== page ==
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Flexibility in curricula for personal study programmes in Finland
FI-05-C1
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Issue In Finland as in many other countries the upper secondary general and vocational education were traditionally strictly separated from each other until the late 1980´ies. At that time this division came visibly obsolete because of the changing demands of work and the educational needs of the young people. As a new mode of upper secondary education a merged "youth school" was introduced, but after a political debate rejected. Instead the problems of upper secondary education were to be solved by greater flexibility in academic and vocational education, personal study programmes and inter-institutional cooperation. Consequently the youth level pilot projects (also referred to as upper secondary education experiment) were launched in 1992 parallelly to the polytechnics experiment. The purpose of these pilot projects/experiments was to find alternative solutions for the development of post-compulsory education in Finland. (U.N. 29/10/99)  Throughout the Nordic region, the youth education/training systems are currently subject to sweeping reforms. In particular, a major effort is made to make “the systems” more pliant and flexible. In all Nordic countries the curricula have been amended and are no longer designed at centralised level; instead, framework programmes are drawn up allowing flexible adaptation or coordination of curricula between the various education and training institutions. Whilst the other Nordic countries have put into practice 12-year schooling for all – the “videregående skole” in Norway, “gymnasieskolan” in Sweden, “combination studies” in Finland, with increasing individualisation and flexibilisation within existing educational structures – it is notable that the differentiation of education and training has been systematised in Denmark. But this will now change (VET reform 2000), and the inspiration to build up a curricular structure which allows for composing individual study programmes has come from Finland. (S.N. 02/11/99)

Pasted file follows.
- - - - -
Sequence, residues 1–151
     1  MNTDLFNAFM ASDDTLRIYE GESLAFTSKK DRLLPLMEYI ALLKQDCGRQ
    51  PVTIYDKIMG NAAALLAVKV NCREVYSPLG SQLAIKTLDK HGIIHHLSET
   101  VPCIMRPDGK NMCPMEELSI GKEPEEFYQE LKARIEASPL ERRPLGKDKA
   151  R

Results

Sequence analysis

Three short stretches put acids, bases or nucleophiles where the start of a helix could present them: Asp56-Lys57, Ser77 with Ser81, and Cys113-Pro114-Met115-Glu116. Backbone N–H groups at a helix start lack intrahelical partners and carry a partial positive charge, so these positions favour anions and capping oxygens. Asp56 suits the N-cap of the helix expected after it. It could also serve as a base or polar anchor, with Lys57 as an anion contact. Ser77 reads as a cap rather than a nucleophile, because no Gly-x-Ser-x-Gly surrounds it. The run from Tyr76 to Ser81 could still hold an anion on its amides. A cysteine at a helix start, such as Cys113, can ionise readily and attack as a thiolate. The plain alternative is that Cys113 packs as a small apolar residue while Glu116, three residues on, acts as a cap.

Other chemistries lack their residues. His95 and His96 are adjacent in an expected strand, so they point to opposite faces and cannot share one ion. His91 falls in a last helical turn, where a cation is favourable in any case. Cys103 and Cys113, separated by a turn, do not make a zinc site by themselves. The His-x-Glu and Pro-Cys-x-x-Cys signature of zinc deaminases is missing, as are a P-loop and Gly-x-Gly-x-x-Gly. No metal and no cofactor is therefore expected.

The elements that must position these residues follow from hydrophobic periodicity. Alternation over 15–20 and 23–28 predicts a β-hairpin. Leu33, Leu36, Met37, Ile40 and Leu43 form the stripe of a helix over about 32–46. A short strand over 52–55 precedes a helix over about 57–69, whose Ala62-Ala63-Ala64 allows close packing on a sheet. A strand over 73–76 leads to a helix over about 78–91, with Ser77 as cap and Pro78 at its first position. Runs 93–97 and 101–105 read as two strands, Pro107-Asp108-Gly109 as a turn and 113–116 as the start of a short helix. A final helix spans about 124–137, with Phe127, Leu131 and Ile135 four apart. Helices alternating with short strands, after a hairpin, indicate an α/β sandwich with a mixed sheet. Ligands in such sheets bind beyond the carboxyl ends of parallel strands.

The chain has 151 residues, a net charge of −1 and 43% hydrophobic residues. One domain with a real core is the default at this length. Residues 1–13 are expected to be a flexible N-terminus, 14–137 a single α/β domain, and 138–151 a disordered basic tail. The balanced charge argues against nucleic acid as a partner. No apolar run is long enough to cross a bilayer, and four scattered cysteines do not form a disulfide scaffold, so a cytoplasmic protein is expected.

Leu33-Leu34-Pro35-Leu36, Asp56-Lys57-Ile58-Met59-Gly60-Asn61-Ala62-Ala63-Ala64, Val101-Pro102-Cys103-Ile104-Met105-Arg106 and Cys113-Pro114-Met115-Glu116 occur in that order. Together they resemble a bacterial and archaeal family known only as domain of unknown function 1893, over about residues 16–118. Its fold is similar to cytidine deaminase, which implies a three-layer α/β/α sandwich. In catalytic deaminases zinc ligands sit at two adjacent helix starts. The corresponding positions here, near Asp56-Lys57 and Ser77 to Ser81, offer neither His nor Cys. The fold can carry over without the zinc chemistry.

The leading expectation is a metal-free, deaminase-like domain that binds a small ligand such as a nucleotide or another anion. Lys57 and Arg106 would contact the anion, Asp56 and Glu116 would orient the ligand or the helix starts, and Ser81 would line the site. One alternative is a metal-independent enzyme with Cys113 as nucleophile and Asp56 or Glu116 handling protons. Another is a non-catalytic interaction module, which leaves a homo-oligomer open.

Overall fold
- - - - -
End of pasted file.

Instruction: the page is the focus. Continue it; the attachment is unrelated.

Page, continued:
Measure The main issues in enhancing the inter-institutional cooperation were 1) increasing the optional parts in the curricula used in the pilot projects, 2) allow and encourage the students to construct personal study programmes combining general and vocational subjects from their own and other schools. The school networks in the pilot projects had 3) to develop practical solutions for cooperation in order to make the new curricular flexibility to work in practice. These changes can be called curricular toolbox (Pekka Kämäräinen).
    The main tools in local/regional school cooperation were: joint time scheduling and nongraded teaching arrangements, joint information and counselling, and joint planning of teaching and learning, especially joint study projects planned by academic and vocational teachers in cooperation. These can be called cooperation toolbox.
    The local and/or regional school networks consisted typically of 6-8 academic/vocational upper secondary schools (varying from 2 to 21); the distances between the schools varied from very close to 45 kilometres. As a result different models of joint scheduling were developed: from one afternoon´s joint cooperation time to one day per week studies in other school and up to alternating periods (5-6 weeks) or alternating years in different schools. The different models of joint schedules allowed inter-institutional studies varying from one study week to 20-30 study weeks in a three-year study programme according to the students choice. 
    In the pilot projects the demands of cooperation lead gradually to a model of nongraded vocational teaching and it was followed by new more developed models for nongradedness in upper secondary general schools as well. The nongradedness in this respect means in practice that the student can study one or more periods in another school and then come back to his/her own school. (U.N. 29/10/99)